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Public Policy Analysis - ECO00097M

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  • Department: Economics and Related Studies
  • Module co-ordinator: Dr. William Jackson
  • Credit value: 20 credits
  • Credit level: M
  • Academic year of delivery: 2024-25
    • See module specification for other years: 2023-24

Module summary

The module applies economic theory to the analysis and appraisal of public policy: topics covered include distributive justice, inequality, poverty, human capital, output measurement, education, health care, retirement pensions and housing.

Module will run

Occurrence Teaching period
A Semester 1 2024-25

Module aims

To survey the main economic concepts and principles used in the analysis of public policy and demonstrate how they can be applied in practice.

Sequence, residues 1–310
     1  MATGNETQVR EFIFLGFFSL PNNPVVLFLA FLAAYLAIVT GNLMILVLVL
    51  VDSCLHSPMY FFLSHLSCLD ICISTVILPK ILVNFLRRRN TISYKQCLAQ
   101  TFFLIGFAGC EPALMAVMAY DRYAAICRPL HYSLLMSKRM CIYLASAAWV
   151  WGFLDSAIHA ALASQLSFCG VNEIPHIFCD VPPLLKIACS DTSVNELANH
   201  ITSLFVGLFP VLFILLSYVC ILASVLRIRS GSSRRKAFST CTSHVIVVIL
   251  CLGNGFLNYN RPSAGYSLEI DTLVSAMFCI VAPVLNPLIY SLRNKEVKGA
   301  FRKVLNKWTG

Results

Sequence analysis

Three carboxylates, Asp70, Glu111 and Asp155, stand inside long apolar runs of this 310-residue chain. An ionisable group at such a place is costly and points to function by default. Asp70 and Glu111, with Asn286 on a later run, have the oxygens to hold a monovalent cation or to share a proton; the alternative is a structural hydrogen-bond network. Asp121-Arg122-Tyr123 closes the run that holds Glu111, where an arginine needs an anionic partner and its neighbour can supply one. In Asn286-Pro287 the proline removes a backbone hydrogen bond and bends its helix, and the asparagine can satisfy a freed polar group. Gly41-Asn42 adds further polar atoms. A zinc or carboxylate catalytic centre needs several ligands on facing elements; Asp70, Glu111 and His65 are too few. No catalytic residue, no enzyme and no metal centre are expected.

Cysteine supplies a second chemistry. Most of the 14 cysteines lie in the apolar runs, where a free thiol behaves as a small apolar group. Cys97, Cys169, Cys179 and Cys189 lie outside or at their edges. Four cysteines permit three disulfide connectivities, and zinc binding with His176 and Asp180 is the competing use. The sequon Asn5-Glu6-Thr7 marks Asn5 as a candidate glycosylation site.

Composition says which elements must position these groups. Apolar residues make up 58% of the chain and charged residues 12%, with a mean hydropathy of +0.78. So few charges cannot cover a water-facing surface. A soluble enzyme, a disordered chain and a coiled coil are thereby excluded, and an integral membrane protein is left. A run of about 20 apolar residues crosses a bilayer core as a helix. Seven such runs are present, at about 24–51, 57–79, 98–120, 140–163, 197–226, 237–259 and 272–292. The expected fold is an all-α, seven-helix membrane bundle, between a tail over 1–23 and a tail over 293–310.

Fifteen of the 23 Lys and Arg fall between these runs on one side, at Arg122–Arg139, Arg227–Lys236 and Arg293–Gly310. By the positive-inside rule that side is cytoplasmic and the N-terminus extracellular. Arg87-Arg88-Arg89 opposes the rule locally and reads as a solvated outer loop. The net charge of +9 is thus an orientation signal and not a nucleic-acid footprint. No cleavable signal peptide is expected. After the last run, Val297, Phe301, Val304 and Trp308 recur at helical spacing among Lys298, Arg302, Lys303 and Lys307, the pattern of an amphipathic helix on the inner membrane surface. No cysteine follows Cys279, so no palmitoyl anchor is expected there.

Module learning outcomes

On completing the module a student will be able to:

  • identify the economic aspects of public policy

  • understand the economic techniques used to analyse and appraise public policy

  • apply these techniques to current policy questions

  • reach an independent critical judgement about public policy matters


Task Length % of module mark
Closed/in-person Exam (Centrally scheduled)
Closed exam : Public Policy Analysis
3 hours 100

Special assessment rules



Task Length % of module mark
Closed/in-person Exam (Centrally scheduled)
Closed exam : Public Policy Analysis
3 hours 100

Module feedback

Feedback will be provided in line with University policy

Indicative reading

Barr, N. (2020), The Economics of the Welfare State, 6th edn, Oxford University Press.

The information on this page is indicative of the module that is currently on offer. The University is constantly exploring ways to enhance and improve its degree programmes and therefore reserves the right to make variations to the content and method of delivery of modules, and to discontinue modules, if such action is reasonably considered to be necessary by the University. Where appropriate, the University will notify and consult with affected students in advance about any changes that are required in line with the University's policy on the Approval of Modifications to Existing Taught Programmes of Study.